Editor-in-Chief: Brüne, Bernhard
Editorial Board Member: Buchner, Johannes / Lei, Ming / Ludwig, Stephan / Sies, Helmut / Turk, Boris / Wittinghofer, Alfred
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Rank 142 out of 289 in category Biochemistry & Molecular Biology in the 2015 Thomson Reuters Journal Citation Report/Science Edition
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Polyphenols of Cocoa: Inhibition of Mammalian 15-Lipoxygenase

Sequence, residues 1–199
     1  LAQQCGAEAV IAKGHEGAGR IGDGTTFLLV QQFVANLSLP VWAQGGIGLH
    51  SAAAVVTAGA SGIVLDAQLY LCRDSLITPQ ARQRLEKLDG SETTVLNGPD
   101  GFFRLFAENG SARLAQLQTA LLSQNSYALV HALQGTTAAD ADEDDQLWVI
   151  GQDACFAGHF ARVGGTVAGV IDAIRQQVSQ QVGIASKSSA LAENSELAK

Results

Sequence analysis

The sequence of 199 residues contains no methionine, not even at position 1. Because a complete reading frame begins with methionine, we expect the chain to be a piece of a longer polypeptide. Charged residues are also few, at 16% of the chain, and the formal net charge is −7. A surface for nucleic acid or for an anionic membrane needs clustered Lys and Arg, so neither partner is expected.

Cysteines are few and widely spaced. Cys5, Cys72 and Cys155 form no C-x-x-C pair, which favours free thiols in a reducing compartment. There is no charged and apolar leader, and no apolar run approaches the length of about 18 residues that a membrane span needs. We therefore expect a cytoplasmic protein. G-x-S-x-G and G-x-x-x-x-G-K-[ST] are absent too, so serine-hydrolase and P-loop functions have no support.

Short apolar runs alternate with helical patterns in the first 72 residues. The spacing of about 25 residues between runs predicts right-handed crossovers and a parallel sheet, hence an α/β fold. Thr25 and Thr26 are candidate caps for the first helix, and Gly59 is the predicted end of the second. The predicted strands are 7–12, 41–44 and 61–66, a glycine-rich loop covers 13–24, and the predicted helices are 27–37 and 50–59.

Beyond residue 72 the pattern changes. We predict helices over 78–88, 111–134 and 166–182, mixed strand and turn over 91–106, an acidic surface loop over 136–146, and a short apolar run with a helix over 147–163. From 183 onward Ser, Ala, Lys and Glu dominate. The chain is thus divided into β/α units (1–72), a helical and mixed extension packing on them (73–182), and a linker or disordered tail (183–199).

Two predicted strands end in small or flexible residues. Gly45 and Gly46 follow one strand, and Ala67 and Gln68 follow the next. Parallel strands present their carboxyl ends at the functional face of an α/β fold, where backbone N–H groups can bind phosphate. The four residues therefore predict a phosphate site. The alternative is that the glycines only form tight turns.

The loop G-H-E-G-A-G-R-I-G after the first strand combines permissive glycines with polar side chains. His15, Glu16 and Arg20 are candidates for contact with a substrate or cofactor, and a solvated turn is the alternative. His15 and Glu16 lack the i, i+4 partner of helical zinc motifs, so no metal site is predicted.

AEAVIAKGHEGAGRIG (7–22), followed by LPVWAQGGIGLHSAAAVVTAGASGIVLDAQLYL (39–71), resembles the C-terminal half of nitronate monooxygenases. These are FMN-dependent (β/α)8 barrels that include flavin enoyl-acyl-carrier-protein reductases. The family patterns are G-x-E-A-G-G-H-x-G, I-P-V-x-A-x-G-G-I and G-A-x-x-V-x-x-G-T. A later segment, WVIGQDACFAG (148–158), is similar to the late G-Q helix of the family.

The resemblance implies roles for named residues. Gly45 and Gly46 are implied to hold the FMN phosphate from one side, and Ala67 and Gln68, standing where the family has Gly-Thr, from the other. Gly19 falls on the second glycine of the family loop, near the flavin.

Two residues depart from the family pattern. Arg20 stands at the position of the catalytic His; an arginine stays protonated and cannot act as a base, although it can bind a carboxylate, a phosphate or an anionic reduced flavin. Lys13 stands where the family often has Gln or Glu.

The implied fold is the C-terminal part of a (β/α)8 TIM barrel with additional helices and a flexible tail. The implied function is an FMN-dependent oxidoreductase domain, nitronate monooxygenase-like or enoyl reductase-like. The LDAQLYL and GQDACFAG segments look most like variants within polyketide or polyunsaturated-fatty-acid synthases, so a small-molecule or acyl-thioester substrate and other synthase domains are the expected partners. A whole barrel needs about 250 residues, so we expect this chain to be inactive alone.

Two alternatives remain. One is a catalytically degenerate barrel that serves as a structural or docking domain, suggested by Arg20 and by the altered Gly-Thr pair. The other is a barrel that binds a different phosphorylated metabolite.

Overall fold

Some cocoas and chocolates are rich in ()epicatechin and its related oligomers, the procyanidins. Fractions of these compounds, isolated from the seeds of Theobroma cacao, caused dosedependent inhibition of isolated rabbit 15-lipoxygenase-1 with the larger oligomers being more active; the decamer fraction revealed an IC 50 of 0.8 M. Among the monomeric flavanols, epigallocatechin gallate (IC 50 = 4 M) and epicatechin gallate (5 M) were more potent than ()epicatechin (IC50 = 60 M). ()Epicatechin and procyanidin nonamer also inhibited the formation of 15-hydroxyeicosatetraenoic acid from arachidonic acid in rabbit smooth muscle cells transfected with human 15-lipoxygenase-1. In contrast, inhibition of the lipoxygenase pathway in J774A.1 cells transfected with porcine leukocytetype 12- lipoxygenase (another representative of the 12/15- lipoxygenase family) was only observed upon sonication of the cells, suggesting a membrane barrier for flavanols in these cells. Moreover, epicatechin (IC50 approx. 15 M) and the procyanidin decamer inhibited recombinant human platelet 12-lipoxygenase. These observations suggest general lipoxygenase inhibitory potency of flavanols and procyanidins that may contribute to their putative beneficial effects on the cardiovascular system in man. Thus, they may provide a plausible explanation for recent literature reports indicating that procyanidins decrease the leukotriene/prostacyclin ratio in humans and human aortic endothelial cells.
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